WIDESPREAD and significant shortfalls in leadership have been slammed by a healthcare watchdog during the first inspection of a Winsford home care agency.

Starcare Rural, which provides personal care to around 200 adults with physical and mental health needs living in their own homes, has been ordered to improve by the Care Quality Commission.

The agency on Barlow Drive was rated 'inadequate' for leadership and 'requires improvement' for safety, effectiveness, care and responsiveness.

Management of the service was criticised for failing to provide sufficient staff, putting the safety and wellbeing of vulnerable people at risk.

"Some aspects of the service were not always safe," said an inspector in a detailed report. "There was an increased risk that people could be harmed.

"The punctuality and reliability of care staff was consistently poor. On occasion staff were expected to be in more than one place at once.

"People told us that issues with staffing made them feel unsafe and vulnerable."

People did not receive their meals or medication on time, inspectors discovered, and risk assessments for key medical conditions including epilepsy and diabetes were inadequate.

"Medicines management was not based on current best practice and there was a risk that medicines may not be given safely," said inspectors.

"The effectiveness of people's care, treatment and support did not always achieve good outcomes or was inconsistent.

"Due to the late or irregular calls, some people did not feel that they were supported to remain healthy."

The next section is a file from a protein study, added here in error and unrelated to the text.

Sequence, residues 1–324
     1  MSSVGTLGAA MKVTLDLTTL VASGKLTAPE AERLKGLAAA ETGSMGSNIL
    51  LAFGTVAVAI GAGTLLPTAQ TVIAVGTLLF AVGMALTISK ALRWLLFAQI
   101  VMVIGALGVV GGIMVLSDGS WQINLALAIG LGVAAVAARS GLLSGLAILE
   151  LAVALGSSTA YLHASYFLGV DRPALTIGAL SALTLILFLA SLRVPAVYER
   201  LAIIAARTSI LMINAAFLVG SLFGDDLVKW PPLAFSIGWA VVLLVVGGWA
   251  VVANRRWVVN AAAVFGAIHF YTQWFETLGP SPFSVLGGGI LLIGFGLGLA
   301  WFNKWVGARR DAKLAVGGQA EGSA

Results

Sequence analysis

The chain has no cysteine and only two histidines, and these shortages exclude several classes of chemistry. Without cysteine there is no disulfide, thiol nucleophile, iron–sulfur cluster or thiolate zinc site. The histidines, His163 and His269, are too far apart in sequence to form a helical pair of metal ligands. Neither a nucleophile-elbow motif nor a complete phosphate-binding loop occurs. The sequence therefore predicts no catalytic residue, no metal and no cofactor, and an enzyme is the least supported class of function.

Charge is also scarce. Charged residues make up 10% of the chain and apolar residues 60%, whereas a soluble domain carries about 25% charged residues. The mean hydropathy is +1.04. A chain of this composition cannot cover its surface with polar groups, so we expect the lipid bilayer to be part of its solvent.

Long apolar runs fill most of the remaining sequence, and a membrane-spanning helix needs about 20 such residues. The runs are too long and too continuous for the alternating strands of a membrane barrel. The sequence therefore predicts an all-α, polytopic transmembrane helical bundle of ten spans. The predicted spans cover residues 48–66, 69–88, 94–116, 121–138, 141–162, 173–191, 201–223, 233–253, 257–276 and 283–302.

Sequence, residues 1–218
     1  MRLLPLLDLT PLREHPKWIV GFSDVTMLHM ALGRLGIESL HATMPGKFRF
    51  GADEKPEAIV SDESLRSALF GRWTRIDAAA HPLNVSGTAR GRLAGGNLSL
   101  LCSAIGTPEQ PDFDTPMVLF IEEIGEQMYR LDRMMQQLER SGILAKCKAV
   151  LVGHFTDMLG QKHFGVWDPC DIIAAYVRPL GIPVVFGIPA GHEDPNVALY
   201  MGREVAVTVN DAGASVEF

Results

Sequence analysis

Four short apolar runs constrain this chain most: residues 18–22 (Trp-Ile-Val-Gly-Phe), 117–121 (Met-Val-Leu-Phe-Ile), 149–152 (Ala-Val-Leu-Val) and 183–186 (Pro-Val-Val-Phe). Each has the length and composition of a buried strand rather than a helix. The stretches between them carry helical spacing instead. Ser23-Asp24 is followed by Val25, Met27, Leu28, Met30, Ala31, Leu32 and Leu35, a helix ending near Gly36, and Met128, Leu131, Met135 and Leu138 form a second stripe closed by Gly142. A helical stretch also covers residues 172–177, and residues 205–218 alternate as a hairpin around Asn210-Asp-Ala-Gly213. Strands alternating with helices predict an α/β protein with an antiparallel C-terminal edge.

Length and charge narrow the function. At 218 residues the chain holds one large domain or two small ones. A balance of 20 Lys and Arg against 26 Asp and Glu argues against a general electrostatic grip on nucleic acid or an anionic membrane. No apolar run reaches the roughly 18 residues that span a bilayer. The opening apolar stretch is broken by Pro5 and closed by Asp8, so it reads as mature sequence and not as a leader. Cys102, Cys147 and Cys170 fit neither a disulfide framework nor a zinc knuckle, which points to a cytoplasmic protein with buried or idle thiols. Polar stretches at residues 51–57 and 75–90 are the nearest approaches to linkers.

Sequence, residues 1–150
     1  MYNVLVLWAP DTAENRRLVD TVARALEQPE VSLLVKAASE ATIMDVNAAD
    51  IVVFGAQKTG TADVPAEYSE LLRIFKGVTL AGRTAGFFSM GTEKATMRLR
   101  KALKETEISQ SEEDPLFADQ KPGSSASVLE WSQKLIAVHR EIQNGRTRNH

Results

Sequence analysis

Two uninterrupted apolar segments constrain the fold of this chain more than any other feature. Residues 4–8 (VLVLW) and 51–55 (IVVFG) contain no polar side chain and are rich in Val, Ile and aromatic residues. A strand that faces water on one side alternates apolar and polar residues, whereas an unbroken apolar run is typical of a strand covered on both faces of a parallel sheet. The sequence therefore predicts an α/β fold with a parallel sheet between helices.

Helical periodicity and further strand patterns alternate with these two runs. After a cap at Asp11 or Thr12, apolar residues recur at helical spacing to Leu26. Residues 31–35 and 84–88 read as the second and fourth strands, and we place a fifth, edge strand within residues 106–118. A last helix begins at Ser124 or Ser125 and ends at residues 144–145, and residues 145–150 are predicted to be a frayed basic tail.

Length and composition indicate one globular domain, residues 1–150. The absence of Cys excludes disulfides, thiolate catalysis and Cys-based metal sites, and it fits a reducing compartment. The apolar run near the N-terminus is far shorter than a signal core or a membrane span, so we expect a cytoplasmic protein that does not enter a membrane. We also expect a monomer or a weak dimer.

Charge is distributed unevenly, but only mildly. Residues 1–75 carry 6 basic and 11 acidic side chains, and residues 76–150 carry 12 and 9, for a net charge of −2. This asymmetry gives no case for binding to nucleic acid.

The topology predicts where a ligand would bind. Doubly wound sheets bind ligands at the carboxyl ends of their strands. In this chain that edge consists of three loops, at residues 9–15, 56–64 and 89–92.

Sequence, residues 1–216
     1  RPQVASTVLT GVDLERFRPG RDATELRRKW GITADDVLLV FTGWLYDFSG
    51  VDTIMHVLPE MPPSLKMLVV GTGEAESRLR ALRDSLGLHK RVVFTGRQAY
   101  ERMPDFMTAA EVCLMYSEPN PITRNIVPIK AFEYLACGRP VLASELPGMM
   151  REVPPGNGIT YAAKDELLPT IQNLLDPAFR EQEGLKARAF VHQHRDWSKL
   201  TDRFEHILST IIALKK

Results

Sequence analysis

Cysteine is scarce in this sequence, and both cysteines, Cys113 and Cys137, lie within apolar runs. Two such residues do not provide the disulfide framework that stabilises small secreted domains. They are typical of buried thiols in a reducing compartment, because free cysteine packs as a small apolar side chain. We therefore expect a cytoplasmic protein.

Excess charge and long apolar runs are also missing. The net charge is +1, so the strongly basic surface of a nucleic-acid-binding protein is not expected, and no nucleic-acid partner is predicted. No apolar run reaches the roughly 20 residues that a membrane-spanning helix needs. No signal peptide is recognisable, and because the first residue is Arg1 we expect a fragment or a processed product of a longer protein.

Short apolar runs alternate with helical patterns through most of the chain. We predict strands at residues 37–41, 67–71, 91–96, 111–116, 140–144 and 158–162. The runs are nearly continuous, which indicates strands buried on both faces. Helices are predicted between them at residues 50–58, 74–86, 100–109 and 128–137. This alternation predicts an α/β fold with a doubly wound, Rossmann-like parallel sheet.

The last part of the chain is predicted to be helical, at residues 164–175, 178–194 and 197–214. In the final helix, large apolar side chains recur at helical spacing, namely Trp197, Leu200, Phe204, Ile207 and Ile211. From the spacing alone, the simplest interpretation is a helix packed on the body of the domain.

One client told inspectors: "I'm insulin dependent and need to have my medication at 8.30am then eat my breakfast, not at 10am."

Another complained: "I can't sleep when I don't know who is coming. It preys on my mind wondering if they're coming or not."

Clients were keen to stress that carers were kind and caring and any deficiencies in the standard of care were due to poor organisation and inadequate management.

Inspectors added: "There were widespread and significant shortfalls in service leadership. Leaders and the culture they created did not assure the delivery of high quality care. Some regulations were not met.

"Risks to people's health, safety and wellbeing was not always effectively managed through ongoing monitoring of the service."

Inspectors said the agency failed to ensure that each client received appropriate person-centred care that was based on their needs and preferences.

They care provider also failed to demonstrate that they had sufficient staff to meet the needs of the people using the service and to provide safe care at all times.

The agency has been ordered to send a report to the CQC giving details of an actioni plan to remedy the shortcomings.

Enforcement action has been taken following the agency's failure to ensure that they had adequate or robust systems and processes in place to assess and monitor the service.

The agency has two months to comply with this regulation

Paula Pedlow, Starcare managing director said: “Starcare have been providing care services to people in the area since 2008.  It is our company ethos to provide excellent care and to ensure the safety of all the people we support. 

“We are extremely disappointed with the outcome of our latest Care Quality Commission inspection for our rural branch. 

“The results from this inspection are contrary to the standards we have set for ourselves and we have already implemented substantial actions to fall in line with our standards, to address the issues raised. 

“We are working closely with our partners to ensure that we achieve our goals of providing an outstanding service to our clients.

“We wish to reassure all of our clients and families that through the improved actions we continue to  introduce, we are able to provide the quality service which is always expected from us.”